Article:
We had lost any delusions of being able to glide through the region, invisible, stealthy, a fly on every wall, jotting down the reality surrounding us. That was impossible. If anything, we were bulldozing our path through the region and carefully recording the way different people dived out of the way. 

There’s no doubt that Hemming’s remarkable journey was greased by a very useful network of connections. How many travellers have the contacts necessary to meet Princess Susan al-Said of Oman, let alone convince her to offer accommodation and an exhibition venue within half an hour of meeting her? And how many are in email correspondence with ‘Paul Bergne, Tony Blair’s special envoy to Afghanistan during the recent coalition campaign against the Taliban‘? It transpires that Hemming’s father, who seems to have led an even more adventurous life than his intrepid son, ran the Royal Geographical Society for twenty-one years and, through its scientific initiatives, has formed some very useful Middle-Eastern friendships, not least with Prince Hassan bin Talal of Jordan. However, to be fair to Hemming, he never once gives the impression of choosing the easy way out. His passion for his art, and for authenticity and truth, leads him to remote villages, tense hotels in Kurdish Iraq and, as the long sought-after goal, the bullet-racked streets of Baghdad itself. Indeed, far from trading on his distinguished connections, he spends a lot of time pretending not to be English at all – conscious that to be identified as British is, in certain locales at that particular time, just one step away from being shot through the back of the head.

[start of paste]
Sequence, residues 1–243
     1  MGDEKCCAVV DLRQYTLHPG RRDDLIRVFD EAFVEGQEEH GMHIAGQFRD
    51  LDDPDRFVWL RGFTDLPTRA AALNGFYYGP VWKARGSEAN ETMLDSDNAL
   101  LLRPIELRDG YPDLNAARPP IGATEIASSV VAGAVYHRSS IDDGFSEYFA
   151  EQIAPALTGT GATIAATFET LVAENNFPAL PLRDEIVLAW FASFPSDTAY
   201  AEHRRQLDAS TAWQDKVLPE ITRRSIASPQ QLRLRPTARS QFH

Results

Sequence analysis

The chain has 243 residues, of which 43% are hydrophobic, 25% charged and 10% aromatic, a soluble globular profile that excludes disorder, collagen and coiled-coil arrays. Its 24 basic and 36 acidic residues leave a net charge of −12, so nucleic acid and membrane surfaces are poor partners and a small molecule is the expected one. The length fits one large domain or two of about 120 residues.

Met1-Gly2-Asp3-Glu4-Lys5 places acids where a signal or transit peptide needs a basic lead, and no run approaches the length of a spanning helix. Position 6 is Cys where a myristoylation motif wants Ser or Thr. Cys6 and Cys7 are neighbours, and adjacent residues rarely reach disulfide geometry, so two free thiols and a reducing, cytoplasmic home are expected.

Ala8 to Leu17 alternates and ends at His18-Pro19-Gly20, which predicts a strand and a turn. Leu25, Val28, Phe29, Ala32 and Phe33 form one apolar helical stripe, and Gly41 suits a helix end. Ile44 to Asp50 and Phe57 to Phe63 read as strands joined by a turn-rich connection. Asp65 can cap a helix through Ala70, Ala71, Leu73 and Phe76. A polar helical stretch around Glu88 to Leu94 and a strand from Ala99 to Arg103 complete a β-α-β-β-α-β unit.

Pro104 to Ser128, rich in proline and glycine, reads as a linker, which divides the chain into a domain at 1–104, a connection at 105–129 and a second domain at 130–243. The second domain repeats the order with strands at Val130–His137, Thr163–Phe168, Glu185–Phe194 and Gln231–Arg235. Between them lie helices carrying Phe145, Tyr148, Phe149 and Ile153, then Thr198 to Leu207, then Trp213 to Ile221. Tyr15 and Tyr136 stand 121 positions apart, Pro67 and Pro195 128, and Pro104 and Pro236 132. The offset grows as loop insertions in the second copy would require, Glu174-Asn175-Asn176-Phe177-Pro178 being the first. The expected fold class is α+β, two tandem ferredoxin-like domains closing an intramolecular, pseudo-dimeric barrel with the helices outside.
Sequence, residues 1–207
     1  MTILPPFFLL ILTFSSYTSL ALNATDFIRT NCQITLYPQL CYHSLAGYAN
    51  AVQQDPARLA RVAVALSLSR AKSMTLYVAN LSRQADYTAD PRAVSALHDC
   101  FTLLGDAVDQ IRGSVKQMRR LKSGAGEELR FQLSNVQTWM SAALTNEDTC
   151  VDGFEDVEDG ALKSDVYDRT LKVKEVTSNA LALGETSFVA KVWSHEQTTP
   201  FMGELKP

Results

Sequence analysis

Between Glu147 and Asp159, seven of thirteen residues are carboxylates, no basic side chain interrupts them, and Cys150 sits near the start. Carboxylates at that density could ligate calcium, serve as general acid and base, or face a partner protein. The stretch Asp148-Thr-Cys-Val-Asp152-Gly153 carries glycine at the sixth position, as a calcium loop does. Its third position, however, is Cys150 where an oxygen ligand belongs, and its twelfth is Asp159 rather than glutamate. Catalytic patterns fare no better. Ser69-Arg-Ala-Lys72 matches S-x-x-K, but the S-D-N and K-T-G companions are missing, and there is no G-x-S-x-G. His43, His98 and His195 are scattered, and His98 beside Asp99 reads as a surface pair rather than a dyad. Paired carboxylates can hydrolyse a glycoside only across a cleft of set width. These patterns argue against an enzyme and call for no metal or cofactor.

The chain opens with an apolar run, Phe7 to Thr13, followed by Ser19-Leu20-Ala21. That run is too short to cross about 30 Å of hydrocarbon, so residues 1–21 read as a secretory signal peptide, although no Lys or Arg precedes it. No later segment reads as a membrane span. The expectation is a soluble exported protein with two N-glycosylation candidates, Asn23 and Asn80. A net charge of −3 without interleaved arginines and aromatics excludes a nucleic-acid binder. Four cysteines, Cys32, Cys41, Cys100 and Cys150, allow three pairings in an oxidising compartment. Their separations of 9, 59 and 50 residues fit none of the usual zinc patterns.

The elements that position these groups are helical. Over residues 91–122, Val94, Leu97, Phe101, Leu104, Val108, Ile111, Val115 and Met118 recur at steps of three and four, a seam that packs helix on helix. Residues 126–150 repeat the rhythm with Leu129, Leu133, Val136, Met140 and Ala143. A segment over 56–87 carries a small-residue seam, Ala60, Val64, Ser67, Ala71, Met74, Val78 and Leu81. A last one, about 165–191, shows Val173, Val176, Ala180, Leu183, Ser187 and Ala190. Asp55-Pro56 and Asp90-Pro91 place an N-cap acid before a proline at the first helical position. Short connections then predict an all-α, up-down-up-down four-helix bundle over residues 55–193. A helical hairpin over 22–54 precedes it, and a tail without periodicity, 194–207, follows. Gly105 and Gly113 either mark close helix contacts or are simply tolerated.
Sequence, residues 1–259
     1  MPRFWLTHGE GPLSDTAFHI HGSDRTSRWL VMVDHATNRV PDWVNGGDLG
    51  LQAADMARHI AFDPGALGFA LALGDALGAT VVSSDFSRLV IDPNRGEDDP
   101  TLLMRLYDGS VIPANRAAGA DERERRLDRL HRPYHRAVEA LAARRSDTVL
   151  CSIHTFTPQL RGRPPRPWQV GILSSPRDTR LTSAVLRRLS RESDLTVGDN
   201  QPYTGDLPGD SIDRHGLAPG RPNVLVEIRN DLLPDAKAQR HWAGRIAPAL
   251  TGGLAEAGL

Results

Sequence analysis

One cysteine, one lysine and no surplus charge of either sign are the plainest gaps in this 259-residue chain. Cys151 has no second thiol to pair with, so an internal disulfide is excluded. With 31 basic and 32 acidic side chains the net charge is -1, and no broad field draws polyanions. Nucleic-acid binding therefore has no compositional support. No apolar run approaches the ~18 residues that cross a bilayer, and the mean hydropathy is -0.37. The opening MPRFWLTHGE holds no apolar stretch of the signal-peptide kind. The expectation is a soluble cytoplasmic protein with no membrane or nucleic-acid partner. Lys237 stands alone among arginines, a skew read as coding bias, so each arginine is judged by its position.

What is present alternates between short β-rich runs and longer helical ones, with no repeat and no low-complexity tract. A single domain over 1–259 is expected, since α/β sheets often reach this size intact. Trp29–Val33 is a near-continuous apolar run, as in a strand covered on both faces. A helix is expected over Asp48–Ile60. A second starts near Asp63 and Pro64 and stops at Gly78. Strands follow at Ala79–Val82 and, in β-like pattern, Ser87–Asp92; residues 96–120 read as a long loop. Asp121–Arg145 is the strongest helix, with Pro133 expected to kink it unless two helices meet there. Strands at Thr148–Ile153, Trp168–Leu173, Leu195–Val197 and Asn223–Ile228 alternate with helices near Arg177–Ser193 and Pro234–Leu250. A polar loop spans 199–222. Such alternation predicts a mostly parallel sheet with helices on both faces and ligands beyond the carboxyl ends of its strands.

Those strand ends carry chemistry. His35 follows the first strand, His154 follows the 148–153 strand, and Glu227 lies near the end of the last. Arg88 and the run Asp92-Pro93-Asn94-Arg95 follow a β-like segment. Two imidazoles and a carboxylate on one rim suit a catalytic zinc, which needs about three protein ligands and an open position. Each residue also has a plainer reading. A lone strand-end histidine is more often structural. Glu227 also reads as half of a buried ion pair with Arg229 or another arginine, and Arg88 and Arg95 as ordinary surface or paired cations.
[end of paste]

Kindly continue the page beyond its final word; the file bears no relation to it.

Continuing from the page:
Now, I know next to nothing about the Middle East and this is perhaps the second book I’ve read about the region, after Freya Stark’s Valleys of the Assassins, so you can see that I’m not exactly a cutting-edge expert. All I do know is gleaned from my brief trip to Qatar – and so I found Hemming’s experiences absolutely absorbing as a window onto a world that, as a woman, I will never have the freedom to explore for myself. Of course, I’m in no position to say whether he paints an accurate picture of what it’s like, but he is bright, amusing and suffused with a deep interest in humanity. This is both a gripping adventure story and a very thought-provoking book about a part of the world, and a piece of recent history, that I should understand more about. I can think of few more articulate or engaging people through whom to make the journey vicariously.